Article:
Military planning for possible H1N1 outbreak

FROM CNN:

WASHINGTON (CNN) — The U.S. military wants to establish regional teams of military personnel to assist civilian authorities in the event of a significant outbreak of the H1N1 virus this fall, according to Defense Department officials.

The proposal is awaiting final approval from Defense Secretary Robert Gates.

The officials would not be identified because the proposal from U.S. Northern Command’s Gen. Victor Renuart has not been approved by the secretary.

The plan calls for military task forces to work in conjunction with the Federal Emergency Management Agency. There is no final decision on how the military effort would be manned, but one source said it would likely include personnel from all branches of the military.

It has yet to be determined how many troops would be needed and whether they would come from the active duty or the National Guard and Reserve forces.

Civilian authorities would lead any relief efforts in the event of a major outbreak, the official said. The military, as they would for a natural disaster or other significant emergency situation, could provide support and fulfill any tasks that civilian authorities could not, such as air transport or testing of large numbers of viral samples from infected patients.

As a first step, Gates is being asked to sign a so-called “execution order” that would authorize the military to begin to conduct the detailed planning to execute the proposed plan.

Orders to deploy actual forces would be reviewed later, depending on how much of a health threat the flu poses this fall, the officials said.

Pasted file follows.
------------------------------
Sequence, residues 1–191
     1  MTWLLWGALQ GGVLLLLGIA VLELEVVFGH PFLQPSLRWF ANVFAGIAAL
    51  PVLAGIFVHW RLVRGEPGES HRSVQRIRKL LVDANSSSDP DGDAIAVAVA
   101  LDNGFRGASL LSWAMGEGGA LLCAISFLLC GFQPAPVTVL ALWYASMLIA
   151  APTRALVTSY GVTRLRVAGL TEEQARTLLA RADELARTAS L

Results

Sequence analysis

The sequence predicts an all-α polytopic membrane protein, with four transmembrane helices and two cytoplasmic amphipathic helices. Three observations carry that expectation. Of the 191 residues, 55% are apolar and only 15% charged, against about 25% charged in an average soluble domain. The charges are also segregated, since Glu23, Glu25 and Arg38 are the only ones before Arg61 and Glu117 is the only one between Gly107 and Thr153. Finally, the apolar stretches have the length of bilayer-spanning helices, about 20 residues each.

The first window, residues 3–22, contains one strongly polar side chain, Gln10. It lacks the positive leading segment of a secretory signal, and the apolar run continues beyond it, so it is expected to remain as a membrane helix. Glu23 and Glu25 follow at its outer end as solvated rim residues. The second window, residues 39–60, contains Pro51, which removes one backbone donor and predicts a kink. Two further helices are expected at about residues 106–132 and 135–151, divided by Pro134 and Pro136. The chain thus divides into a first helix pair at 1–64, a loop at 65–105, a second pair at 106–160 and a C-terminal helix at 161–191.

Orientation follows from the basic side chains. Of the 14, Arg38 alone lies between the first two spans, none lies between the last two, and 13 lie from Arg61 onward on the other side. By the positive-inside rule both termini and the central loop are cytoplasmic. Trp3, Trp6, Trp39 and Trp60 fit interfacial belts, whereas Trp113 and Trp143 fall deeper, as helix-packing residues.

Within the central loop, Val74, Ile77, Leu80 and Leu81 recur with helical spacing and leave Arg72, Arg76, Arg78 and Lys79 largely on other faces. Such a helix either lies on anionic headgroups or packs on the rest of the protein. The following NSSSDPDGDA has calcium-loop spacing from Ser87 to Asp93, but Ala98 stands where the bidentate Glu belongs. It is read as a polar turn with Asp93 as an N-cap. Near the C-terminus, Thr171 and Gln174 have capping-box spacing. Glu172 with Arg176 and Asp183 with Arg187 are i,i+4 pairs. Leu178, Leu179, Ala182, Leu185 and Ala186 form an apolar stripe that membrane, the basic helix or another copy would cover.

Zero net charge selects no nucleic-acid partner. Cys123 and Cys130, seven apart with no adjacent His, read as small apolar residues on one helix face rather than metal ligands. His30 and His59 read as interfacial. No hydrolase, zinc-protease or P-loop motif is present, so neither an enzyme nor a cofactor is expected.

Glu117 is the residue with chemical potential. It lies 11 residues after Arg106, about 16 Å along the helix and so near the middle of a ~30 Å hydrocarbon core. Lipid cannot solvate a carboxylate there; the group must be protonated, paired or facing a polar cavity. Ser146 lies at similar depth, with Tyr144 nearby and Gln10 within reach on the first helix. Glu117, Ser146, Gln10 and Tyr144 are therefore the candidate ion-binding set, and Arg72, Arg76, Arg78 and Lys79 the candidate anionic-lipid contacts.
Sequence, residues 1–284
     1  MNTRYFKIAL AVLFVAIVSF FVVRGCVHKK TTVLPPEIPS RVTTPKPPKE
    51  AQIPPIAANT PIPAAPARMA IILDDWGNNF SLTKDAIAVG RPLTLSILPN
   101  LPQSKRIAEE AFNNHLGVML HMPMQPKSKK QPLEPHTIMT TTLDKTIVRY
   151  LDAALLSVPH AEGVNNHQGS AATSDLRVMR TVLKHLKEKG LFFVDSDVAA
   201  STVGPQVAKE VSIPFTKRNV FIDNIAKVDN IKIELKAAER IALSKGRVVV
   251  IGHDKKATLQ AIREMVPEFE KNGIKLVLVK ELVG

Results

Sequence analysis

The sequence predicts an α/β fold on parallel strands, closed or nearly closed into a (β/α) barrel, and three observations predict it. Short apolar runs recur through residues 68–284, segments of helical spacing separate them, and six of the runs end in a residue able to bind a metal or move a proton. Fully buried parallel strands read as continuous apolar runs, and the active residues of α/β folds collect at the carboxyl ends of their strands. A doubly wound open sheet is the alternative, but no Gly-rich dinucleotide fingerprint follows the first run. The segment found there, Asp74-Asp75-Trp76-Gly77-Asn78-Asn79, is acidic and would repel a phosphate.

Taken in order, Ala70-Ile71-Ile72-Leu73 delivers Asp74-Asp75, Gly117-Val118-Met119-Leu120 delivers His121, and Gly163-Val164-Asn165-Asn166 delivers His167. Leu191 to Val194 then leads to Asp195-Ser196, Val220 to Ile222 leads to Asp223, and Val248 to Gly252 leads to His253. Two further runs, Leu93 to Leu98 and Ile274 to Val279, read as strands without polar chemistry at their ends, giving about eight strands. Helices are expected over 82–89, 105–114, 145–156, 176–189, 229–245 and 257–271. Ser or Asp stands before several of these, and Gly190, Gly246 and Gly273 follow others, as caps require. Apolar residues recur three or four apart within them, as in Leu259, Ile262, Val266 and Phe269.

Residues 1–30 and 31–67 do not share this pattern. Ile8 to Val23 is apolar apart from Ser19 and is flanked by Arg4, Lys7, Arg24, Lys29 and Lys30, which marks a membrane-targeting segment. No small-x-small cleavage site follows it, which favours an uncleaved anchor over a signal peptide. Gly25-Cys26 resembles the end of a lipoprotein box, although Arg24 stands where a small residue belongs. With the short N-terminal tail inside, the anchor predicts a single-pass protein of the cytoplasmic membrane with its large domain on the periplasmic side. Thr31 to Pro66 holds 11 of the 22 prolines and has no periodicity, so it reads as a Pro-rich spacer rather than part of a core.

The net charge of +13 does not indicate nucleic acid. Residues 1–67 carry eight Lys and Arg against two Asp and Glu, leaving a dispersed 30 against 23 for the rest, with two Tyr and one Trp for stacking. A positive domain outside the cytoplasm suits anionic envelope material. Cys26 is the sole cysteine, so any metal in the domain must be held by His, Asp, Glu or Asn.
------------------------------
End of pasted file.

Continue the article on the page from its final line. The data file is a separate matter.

Read: Obama Withholding troops from Afghanistan, on reserve for Martial Law?

More to read here: National Guard to Administer H1N1 Swine Flu Shots

UPDATED – Also Read:

Don’t Blame Flu Shots for All Ills, Officials Say
By DONALD G. McNEIL Jr.

As soon as swine flu vaccinations start next month, some people getting them will drop dead of heart attacks or strokes, some children will have seizures and some pregnant women will miscarry.

But those events will not necessarily have anything to do with the vaccine. That poses a public relations challenge for federal officials, who remember how sensational reports of deaths and illnesses derailed the large-scale flu vaccine drive of 1976.

This time they are making plans to respond rapidly to such events and to try to reassure a nervous public — and headline-hunting journalists — that the vaccine is not responsible.

Every year, there are 1.1 million heart attacks in the United States, 795,000 strokes and 876,000 miscarriages, and 200,000 Americans have their first seizure. Inevitably, officials say, some of these will happen within hours or days of a flu shot.

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